American Revolutionary War - The Burr Conspiracy

American Revolutionary War - The Burr Conspiracy
American Revolutionary War - The Burr Conspiracy
American Revolutionary War - The Burr Conspiracy
American Revolutionary War - The Burr Conspiracy
American Revolutionary War - The Burr Conspiracy
American Revolutionary War - The Burr Conspiracy
American Revolutionary War - The Burr Conspiracy
American Revolutionary War - The Burr Conspiracy
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This is a 16 slide, highly animated, power point presentation on the American Revolutionary War - The Burr Conspiracy. Each of the slides are editable so you can change it to fit your individual needs.

Aaron Burr was in general disrepute after 1804 because of his political indiscretions and the fatal duel with Alexander Hamilton. His soaring ego, however, compelled him to undertake further schemes, when he conspired against the United States for a possible overthrow. Burr's exact aims are not clear today, but may have involved an effort to capture Spanish possessions in the Southwest or to engineer the secession of western states from the Union, or both.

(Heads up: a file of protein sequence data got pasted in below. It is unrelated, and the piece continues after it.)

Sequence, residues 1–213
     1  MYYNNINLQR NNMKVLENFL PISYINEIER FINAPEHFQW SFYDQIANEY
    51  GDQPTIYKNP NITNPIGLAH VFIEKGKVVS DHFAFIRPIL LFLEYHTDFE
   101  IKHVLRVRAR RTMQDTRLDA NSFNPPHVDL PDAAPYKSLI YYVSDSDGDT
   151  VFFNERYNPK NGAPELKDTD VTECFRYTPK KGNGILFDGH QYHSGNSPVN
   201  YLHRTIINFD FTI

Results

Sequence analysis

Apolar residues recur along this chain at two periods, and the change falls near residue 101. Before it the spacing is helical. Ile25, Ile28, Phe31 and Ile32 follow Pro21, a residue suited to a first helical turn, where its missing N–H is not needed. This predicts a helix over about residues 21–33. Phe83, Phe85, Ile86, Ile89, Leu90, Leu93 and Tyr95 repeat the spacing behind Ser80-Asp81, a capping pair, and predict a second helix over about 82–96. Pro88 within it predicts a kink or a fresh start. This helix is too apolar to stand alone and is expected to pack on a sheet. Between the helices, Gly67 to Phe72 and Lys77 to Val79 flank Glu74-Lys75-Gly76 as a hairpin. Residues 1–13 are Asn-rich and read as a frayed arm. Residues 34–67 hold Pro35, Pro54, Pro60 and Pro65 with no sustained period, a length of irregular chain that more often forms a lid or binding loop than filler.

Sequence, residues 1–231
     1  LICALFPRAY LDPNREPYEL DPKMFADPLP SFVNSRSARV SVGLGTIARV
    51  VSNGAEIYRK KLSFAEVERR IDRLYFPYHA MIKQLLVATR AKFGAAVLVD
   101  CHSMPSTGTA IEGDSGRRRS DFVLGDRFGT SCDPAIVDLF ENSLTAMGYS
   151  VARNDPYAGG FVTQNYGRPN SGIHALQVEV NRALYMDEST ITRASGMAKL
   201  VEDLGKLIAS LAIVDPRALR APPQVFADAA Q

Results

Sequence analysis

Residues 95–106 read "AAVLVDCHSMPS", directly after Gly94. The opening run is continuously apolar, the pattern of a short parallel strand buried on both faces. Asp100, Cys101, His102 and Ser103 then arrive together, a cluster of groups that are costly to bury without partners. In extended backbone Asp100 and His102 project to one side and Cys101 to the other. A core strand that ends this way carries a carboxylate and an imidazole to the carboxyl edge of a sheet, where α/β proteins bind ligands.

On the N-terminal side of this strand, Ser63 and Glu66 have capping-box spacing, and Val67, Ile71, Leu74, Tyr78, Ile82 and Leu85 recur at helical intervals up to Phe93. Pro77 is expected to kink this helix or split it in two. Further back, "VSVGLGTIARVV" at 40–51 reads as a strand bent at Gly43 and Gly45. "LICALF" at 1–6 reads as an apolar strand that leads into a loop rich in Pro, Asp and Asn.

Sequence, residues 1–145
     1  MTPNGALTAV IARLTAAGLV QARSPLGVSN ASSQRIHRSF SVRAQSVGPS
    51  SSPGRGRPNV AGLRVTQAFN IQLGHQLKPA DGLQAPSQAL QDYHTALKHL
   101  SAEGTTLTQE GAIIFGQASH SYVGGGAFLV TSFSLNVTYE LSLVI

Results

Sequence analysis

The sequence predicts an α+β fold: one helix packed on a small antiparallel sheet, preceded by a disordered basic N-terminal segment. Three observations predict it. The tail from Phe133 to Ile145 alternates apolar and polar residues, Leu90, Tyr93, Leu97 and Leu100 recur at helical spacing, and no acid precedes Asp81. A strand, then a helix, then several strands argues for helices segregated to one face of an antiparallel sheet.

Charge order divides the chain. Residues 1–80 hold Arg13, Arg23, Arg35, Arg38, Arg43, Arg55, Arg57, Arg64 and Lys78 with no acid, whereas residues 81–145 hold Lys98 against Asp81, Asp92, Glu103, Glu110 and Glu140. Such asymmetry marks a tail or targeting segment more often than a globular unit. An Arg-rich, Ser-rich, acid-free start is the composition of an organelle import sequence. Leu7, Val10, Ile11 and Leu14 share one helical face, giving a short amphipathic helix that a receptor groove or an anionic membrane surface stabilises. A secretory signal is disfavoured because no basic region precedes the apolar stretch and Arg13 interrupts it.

Burr worked with 2 very interesting personalities. One was Harman Blennerhasset, an Irish immigrant who lived in splendor on an island in the Ohio River near present-day Parkersburg, WVA. The other conspirators was General James Wilkinson, a former colonial Revolutionary War officer, then governor of the Louisiana Territory. His reputation for shady dealing exceeded even Burr’s.

Burr’s trial was presided over by none other than John Marshall, Chief Justice of the Supreme Court. Marshall, always anxious to spite Jefferson, insisted upon the narrowest possible interpretation of treason, requiring an overt act to prove treason and not just a conspiracy to do so. The case was doomed from the start. Despite Jefferson’s stage management, the prosecution’s case was badly mishandled and Burr was acquitted.

One significant sidelight of the Burr trial occurred when Chief Justice Marshall subpoenaed Jefferson to testify. The president refused to do so, citing the independent nature of the branches of the government. Jefferson’s refusal was on the grounds that the Chief Justice had no power to do so since Jefferson represented the Executive Branch of the US government, on equal footing with the Judicial Branch of the US government.

This became important in establishing the boundaries of each branch of government.

The presentation covers the following:

Introduction
Co-Conspirators
Conspiracy Fails
Burr’s Trial
The President Subpoenaed
General Wilkinson
Wilkinson Turns
Wilkinson Investigated
Witnesses Against Burr
Wilkinson’s Place
Wilkinson Court-martial
Burr Flees to Europe
Final Years and Death
End of Presentation

This is one of many power point presentations I offer in my store under the heading....the American Revolutionary War.
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16 slides
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